History of Scrum

Scrum was first introduced by Hirotaka Takeuchi and Ikujiro Nonaka in the 1986 Harvard Business Review article, “The New New Product Development Game”.

In their 1991 book, The Knowledge Creating Company, the pair argued that Scrum is, “especially good at bringing about innovation continuously, incrementally and spirally”, leading to a form of organisational knowledge creation.

The term Scrum comes from Rugby, whereby the whole process is performed by a single cross-functional team, across multiple phases trying to move the ball forward as a unit. Commercial product development benefits from an increase in speed and flexibility.

Ken Schwaber popularised Scrum at Advanced Development Methods during the early 90s, so too did Jeff Sutherland, John Scumniotales and Jeff McKenna, at Easel Corporation.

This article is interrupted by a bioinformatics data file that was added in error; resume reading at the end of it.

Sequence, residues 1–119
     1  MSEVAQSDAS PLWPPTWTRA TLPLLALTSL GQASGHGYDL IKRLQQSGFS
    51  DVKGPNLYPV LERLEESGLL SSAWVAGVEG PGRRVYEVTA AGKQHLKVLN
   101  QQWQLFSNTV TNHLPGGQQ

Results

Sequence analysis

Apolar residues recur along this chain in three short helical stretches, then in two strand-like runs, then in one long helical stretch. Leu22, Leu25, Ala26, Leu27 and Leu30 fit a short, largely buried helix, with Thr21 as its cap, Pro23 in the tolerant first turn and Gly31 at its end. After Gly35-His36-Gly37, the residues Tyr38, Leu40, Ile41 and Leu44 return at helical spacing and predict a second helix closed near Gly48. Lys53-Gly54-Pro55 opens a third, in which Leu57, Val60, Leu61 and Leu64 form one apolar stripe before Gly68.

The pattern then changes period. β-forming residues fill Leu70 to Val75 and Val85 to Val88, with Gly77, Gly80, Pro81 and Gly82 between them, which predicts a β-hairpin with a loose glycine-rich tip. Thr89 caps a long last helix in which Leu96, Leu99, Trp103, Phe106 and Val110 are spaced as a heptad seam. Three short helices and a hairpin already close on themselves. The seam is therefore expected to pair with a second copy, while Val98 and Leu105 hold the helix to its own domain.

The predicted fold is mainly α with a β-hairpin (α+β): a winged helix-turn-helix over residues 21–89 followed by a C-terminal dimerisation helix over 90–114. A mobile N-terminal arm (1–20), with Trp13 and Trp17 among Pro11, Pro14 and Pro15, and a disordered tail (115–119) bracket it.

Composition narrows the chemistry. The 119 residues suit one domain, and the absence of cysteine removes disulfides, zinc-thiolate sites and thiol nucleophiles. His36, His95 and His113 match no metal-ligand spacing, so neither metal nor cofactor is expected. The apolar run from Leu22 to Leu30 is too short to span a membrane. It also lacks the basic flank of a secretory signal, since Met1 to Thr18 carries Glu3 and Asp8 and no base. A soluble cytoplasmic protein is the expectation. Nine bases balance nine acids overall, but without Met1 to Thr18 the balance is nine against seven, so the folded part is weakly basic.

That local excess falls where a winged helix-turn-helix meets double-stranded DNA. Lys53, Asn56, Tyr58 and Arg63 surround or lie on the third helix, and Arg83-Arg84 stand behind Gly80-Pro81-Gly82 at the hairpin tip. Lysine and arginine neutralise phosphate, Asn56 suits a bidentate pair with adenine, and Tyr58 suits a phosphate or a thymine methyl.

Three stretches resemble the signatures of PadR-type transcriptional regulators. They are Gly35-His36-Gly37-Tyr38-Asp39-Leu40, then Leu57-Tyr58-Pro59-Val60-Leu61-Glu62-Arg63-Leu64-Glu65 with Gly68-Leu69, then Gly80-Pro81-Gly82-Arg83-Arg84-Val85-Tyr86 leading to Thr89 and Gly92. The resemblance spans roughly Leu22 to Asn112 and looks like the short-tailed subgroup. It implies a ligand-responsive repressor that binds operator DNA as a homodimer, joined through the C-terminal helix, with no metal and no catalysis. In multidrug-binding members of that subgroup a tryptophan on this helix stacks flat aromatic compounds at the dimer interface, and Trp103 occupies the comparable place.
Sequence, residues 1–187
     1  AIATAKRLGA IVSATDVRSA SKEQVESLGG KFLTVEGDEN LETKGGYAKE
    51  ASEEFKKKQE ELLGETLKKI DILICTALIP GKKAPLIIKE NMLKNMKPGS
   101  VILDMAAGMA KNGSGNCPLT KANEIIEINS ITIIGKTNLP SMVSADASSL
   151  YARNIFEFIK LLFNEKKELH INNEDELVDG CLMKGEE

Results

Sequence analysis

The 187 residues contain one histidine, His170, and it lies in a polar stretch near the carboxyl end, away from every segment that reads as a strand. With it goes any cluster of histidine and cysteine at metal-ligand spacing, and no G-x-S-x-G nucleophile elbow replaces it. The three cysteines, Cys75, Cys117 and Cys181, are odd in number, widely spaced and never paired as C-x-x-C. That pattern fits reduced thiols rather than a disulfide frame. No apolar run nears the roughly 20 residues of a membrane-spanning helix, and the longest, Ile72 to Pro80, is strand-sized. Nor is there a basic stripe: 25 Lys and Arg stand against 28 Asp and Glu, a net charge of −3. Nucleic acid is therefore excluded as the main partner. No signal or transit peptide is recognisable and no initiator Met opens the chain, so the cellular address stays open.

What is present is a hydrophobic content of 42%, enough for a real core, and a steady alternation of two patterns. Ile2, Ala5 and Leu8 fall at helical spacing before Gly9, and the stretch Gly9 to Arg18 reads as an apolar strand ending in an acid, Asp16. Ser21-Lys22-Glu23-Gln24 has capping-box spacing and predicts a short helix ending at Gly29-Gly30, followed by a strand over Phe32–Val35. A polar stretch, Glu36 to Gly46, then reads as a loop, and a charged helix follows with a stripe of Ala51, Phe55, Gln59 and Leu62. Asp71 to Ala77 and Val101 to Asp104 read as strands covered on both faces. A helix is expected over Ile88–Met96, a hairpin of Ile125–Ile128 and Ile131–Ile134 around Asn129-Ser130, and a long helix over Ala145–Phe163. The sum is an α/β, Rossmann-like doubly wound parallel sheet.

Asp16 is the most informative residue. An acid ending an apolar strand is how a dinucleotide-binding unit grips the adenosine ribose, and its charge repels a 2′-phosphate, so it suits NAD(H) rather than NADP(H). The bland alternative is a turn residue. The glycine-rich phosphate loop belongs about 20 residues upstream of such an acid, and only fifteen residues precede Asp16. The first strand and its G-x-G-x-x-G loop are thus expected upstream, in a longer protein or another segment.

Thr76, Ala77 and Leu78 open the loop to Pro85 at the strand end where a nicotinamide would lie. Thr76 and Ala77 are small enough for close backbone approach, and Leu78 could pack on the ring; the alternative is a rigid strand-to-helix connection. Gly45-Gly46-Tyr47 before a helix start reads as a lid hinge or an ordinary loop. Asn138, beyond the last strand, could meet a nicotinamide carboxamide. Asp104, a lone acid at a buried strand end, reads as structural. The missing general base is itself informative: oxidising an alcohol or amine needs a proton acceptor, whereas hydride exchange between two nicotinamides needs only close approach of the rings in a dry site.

Sutherland and Schwaber teamed up in 1995 to present the framework at the Business Object Design and Implementation Workshop in Austin, Texas. Sutherland and Schwaber continued to collaborate and develop the framework based on experience and learned best practice.

Mike Beedle joined Schwaber in 2001, to produce Agile Software Development with Scrum. A key approach of Scrum is to bring the decision-making power to those delivering the product, not being blocked waiting for decisions from senior authority.

The Scrum Alliance was founded in 2002 by Schwaber, this included the Certified Scrum accreditation series. Schwaber later moved on from Scrum Alliance and created scrum.org which runs the Professional Scrum accreditation series

The Scrum Guide was published in 2009 and is widely considered the official definition of Scrum. The Kanban Guide for Scrum Teams (2018), expands on the definition further.